- Crank flashlight/radio – this is the one we have and we are happy with it ($54.80). I’m sure there are better ones out there, but this was a good price point for us, so we went with it. We feel better knowing that once our cell phones die, we will still be able to get updates about current conditions via radio.
- Cooler – a good middle-of-the-road cooler is this Coleman. ($81.41) For an explanation of why a cooler is so important, see How CA Can Prepare for PG&E Power Outages in 2019 – Part 4. This particular cooler would best be used for the purpose of storing food that you plan on using during the first several hours of the power outage. If you are looking for a cooler that will keep your food cold longer than your fridge or freezer, you will likely need to spend more than $100 (see the $200+ category below).
- Full Tank of Gas – starting out a power outage with a full tank of gas is a really really great idea!
- Gas Cans – these are the gas cans ($89.99 for a pack of 4) I settled on after reading reviews and pricing them out. They are pretty basic, they fulfill California’s guidelines (yep – California even has their own standards for gas cans), and they are a decent price. The reviews are great except for the spouts on the cans, which ironically, are new due to California’s stupid guidelines.
- Pump for Gas Cans – $59.99 – this pump is seriously worth its weight in gold. Lifting a 5-gallon can full of fuel and pouring it into a teeny little hole without spilling can present quite a challenge. It is virtually effortless to use and all but eliminates the danger of spilling fuel. It works in 5-gallon gas cans just as well as in a fuel caddy.
Products for Power Outage Preparedness Over $200
- Cooler – My favorite cooler is a Yeti (lots of Yetis don’t have wheels but this one does). This one is $399.99 and it is the same price at sporting goods stores and anywhere else I have seen them. So you might as well get it on Amazon and get the color you want and get it delivered to your door. For an explanation of why a cooler is so important, see How CA Can Prepare for PG&E Power Outages in 2019 – Part 4. This quality of cooler can be counted on to keep your food cold much longer than your fridge (4 hours) or freezer (48 hours). But you definitely pay for the quality…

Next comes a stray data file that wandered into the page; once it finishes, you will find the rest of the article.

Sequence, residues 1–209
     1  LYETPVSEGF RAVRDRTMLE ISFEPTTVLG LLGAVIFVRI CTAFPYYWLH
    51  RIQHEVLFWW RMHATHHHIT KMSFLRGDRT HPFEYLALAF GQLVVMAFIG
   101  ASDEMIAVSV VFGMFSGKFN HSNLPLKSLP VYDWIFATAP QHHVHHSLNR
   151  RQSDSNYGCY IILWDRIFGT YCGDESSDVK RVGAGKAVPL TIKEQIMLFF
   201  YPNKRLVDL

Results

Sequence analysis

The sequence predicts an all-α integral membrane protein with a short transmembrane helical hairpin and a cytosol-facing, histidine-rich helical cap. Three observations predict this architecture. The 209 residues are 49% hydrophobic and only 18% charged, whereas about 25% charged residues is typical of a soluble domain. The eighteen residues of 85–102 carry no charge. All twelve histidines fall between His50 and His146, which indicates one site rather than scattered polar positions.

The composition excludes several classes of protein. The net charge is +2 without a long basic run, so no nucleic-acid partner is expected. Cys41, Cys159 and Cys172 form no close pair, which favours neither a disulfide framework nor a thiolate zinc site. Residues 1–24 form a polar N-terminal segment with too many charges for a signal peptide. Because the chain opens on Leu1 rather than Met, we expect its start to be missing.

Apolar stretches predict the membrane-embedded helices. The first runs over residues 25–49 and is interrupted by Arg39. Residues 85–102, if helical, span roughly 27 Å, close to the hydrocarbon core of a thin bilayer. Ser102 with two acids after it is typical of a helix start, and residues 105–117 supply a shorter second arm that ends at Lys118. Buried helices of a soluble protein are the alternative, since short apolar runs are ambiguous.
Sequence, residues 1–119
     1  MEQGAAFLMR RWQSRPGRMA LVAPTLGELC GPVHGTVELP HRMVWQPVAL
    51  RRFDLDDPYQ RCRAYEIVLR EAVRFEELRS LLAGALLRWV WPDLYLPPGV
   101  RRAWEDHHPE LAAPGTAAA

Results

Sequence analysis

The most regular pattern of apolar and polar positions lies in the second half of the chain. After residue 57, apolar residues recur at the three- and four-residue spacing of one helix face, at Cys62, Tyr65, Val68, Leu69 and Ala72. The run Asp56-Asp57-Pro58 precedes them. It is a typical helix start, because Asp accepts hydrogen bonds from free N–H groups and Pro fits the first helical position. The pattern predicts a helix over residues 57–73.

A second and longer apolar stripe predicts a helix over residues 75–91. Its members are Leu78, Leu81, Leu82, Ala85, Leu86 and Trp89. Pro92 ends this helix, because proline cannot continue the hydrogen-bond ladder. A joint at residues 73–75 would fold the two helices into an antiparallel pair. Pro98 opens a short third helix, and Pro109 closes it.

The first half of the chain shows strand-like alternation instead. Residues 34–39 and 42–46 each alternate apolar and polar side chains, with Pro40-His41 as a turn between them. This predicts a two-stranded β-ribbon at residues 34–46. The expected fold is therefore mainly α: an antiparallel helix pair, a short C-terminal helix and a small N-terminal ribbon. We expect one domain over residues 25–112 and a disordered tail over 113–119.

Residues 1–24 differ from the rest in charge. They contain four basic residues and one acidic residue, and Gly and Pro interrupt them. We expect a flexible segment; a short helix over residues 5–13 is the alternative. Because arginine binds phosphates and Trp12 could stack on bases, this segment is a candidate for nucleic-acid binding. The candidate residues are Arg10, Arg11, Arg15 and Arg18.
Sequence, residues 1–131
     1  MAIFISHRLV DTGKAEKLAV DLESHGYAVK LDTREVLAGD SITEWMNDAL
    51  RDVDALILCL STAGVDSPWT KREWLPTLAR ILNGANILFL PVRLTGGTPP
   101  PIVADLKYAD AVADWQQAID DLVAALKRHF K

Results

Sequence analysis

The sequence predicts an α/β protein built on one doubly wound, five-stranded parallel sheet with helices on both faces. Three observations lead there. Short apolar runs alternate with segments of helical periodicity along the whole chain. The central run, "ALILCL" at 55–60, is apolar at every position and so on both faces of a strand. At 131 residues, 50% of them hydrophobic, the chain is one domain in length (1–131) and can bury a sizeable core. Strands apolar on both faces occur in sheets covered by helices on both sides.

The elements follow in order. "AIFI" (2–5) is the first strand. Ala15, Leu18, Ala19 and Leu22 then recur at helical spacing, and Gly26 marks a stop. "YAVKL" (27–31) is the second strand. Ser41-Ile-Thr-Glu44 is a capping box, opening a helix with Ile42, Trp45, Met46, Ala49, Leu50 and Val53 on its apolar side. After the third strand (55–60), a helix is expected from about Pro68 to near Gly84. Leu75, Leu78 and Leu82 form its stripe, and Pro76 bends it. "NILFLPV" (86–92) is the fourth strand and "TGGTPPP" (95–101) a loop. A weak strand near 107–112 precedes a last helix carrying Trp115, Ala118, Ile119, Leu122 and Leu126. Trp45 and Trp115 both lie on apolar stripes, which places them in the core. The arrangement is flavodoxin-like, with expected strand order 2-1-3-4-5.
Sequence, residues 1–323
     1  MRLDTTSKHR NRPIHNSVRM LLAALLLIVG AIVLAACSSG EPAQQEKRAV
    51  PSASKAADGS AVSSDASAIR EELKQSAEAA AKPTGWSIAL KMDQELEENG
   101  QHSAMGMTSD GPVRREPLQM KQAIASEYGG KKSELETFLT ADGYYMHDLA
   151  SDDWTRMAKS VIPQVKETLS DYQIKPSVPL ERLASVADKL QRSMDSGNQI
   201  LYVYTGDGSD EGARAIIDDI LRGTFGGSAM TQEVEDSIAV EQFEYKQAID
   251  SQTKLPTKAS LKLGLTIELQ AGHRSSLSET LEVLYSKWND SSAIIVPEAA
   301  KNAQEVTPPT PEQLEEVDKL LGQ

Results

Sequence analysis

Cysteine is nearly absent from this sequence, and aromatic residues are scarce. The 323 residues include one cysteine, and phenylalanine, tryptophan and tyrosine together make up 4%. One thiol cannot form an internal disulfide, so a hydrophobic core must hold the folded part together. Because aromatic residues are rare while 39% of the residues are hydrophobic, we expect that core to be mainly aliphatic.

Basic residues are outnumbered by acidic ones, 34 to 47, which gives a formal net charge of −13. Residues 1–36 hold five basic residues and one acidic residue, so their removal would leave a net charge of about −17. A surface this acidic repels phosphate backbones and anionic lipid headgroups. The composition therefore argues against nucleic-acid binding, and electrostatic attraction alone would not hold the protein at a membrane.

- Generator (and Fuel) – this is my choice of an awesome portable generator ($4449). The Honda EU series has a great reputation (just click here and read the reviews!) and they are about the quietest portable generator out there. This one has a 7000 Watt maximum capacity / 5500 Watt continuous capacity which is a dang large capacity for a portable generator. It has an electric start (which means you press a button and it starts, unlike a pull-start). This is just a top-of-the-line, user-friendly, reliable brand, high output machine.
- This is the same brand, same quality, but just a lower output (which just means it can power less things). For more information on generators, see Generators and Fuel: A Helpful Guide for Californians-Part 2.
- CASH! – any amount of cash is great to have. Depending on the store and situation, credit card machines, ATMs, etc may not be operational.
Remember: this is just a shopping list. There are LOTS of things you can do to prepare for a power outage that don’t cost anything. So be sure to read PART 1 and work through all 4 parts to make sure you have done all you can do to prepare!